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IBM Reportedly Pulls Offer for Sun

No news outlet could say whether the rift is tactical or whether it will be mended

Sun's board rejected a formal IBM offer for the company Saturday as too low, according to the Wall Street Journal.

Apparently the price IBM offered was $9.40 a share or less, down from a reported $9.55 late last week.

IBM pulled its roughly $7 billion offer off the table on Sunday, according to the Journal, the AP and the New York Times, after Sun terminated IBM's exclusive bargaining rights.



No news outlet could say whether the rift is tactical or whether it will be mended.

The AP claimed it heard the two sides were still meeting Sunday. The Journal then waded in and said the companies were "still in touch by phone" and that the situation was "fluid."

Unless the talks get back on track, Sun's stock price, bid up to $8.49 Friday in anticipation of a deal Monday, may crash.

Sun, which shopped itself around for months, according to Intel CEO Paul Otellini, is believed to be pretty much in a corner with no other acquirer likely, particularly at such a premium, roughly double its stock price when news of the talks leaked out on March 19.

The price originally heard was $10-$11 a share but that did not appear to survive IBM's due diligence.


As of last week Sun was reportedly willing to accept a cut provided IBM committed to completing the deal despite what may be long and intense antitrust scrutiny particularly around their Unix server and tape storage interests. IBM+Sun represent 65% of all Unix boxes and a monopoly in tape.

The Journal said last Thursday that "Sun's board wants to limit IBM's ability to exit the deal," which could face regulator strings.

On Sunday, the paper said Sun felt IBM had "too much leeway to walk away from the deal." The Times said IBM felt the guarantees Sun wanted were "onerous."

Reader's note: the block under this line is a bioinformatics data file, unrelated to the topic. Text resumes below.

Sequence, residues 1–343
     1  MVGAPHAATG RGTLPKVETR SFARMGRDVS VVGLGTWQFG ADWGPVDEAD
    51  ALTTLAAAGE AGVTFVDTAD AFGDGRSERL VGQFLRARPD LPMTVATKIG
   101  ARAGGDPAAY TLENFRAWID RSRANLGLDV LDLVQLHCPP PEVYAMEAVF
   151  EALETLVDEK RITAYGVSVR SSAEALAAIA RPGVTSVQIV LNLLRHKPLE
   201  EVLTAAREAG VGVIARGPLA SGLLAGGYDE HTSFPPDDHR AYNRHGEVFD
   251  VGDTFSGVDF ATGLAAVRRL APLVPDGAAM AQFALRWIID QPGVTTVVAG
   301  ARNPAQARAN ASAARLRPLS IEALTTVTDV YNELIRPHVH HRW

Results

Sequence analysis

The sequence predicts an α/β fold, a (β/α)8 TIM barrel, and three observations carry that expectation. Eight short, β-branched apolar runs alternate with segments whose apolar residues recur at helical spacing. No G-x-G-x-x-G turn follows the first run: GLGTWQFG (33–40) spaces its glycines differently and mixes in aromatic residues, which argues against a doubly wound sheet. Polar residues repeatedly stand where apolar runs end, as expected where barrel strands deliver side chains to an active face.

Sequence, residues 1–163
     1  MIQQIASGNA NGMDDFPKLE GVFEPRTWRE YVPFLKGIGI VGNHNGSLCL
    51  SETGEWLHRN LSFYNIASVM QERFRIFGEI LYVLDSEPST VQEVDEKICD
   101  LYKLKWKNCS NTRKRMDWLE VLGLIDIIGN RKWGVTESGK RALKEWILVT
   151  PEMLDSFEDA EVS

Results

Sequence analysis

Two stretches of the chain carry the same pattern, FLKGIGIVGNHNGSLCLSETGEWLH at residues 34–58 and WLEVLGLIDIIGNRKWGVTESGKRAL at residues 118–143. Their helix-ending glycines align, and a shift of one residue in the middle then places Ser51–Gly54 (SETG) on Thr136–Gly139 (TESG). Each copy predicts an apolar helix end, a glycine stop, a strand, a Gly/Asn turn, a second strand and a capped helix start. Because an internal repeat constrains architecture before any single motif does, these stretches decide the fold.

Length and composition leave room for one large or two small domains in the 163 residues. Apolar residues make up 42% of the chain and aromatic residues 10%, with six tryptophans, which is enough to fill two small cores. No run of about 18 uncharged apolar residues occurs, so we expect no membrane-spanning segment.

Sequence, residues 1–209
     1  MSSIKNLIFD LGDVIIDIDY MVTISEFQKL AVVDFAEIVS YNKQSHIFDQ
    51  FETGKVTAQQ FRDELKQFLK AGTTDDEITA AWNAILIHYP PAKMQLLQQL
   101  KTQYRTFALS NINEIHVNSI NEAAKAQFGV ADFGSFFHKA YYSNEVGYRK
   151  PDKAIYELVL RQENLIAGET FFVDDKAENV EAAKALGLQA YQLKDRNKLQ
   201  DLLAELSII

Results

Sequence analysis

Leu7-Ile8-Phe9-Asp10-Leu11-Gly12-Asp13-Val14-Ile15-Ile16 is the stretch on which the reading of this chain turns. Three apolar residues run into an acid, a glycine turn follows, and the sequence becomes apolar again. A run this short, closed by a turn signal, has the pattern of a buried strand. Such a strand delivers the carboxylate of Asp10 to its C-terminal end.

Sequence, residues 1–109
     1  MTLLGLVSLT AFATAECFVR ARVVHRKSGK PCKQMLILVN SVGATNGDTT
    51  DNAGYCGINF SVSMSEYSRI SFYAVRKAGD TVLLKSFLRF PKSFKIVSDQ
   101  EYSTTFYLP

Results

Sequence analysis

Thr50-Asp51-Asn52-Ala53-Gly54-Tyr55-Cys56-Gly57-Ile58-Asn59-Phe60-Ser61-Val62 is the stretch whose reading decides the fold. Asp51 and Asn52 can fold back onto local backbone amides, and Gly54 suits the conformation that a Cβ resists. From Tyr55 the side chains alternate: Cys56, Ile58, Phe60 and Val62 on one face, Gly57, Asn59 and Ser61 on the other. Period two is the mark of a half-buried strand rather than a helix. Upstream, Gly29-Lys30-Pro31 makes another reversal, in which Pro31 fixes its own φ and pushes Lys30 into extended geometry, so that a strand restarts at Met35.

Although it's assumed they got some sort of informal ruling from the regulators early on, the Journal suggested Sun wanted an undertaking from IBM to close the deal even if regulators ultimately demanded divestiture.

The Times said that IBM lowered its price because the payoffs in the "change of control" contracts with Sun executives, senior engineers and managers were "higher and extended more broadly across the company than it had anticipated." That ought to raise stockholders' hackles.

Most industry observers are amazed that IBM was willing to pay even $9.55 for Sun. Six dollars would seem more appropriate to them.

It would be IBM's largest acquisition ever.

It is unclear what else IBM might buy instead of Sun since CEO Sam Palmisano has indicated he's interested in acquisitions.

More Stories By Maureen O'Gara

Maureen O'Gara the most read technology reporter for the past 20 years, is the Cloud Computing and Virtualization News Desk editor of SYS-CON Media. She is the publisher of famous "Billygrams" and the editor-in-chief of "Client/Server News" for more than a decade. One of the most respected technology reporters in the business, Maureen can be reached by email at maureen(at)sys-con.com or paperboy(at)g2news.com, and by phone at 516 759-7025. Twitter: @MaureenOGara

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